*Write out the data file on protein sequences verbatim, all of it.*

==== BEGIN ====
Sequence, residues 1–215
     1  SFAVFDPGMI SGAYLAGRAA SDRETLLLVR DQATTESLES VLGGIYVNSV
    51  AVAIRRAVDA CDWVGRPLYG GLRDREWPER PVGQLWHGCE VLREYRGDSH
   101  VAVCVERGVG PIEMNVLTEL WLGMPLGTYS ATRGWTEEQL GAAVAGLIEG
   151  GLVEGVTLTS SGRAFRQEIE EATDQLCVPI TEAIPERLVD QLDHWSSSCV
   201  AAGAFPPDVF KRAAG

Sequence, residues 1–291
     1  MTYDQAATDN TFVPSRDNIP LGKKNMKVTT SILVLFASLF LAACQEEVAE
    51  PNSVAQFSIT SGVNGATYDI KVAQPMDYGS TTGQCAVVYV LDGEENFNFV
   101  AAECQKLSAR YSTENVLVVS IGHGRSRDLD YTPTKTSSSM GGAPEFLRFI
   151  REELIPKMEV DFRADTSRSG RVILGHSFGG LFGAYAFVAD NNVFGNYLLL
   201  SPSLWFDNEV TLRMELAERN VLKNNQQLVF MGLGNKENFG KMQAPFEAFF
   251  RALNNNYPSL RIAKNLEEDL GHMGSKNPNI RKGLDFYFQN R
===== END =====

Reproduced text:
Sequence, residues 1–215
     1  SFAVFDPGMI SGAYLAGRAA SDRETLLLVR DQATTESLES VLGGIYVNSV
    51  AVAIRRAVDA CDWVGRPLYG GLRDREWPER PVGQLWHGCE VLREYRGDSH
   101  VAVCVERGVG PIEMNVLTEL WLGMPLGTYS ATRGWTEEQL GAAVAGLIEG
   151  GLVEGVTLTS SGRAFRQEIE EATDQLCVPI TEAIPERLVD QLDHWSSSCV
   201  AAGAFPPDVF KRAAG

Sequence, residues 1–291
     1  MTYDQAATDN TFVPSRDNIP LGKKNMKVTT SILVLFASLF LAACQEEVAE
    51  PNSVAQFSIT SGVNGATYDI KVAQPMDYGS TTGQCAVVYV LDGEENFNFV
   101  AAECQKLSAR YSTENVLVVS IGHGRSRDLD YTPTKTSSSM GGAPEFLRFI
   151  REELIPKMEV DFRADTSRSG RVILGHSFGG LFGAYAFVAD NNVFGNYLLL
   201  SPSLWFDNEV TLRMELAERN VLKNNQQLVF MGLGNKENFG KMQAPFEAFF
   251  RALNNNYPSL RIAKNLEEDL GHMGSKNPNI RKGLDFYFQN R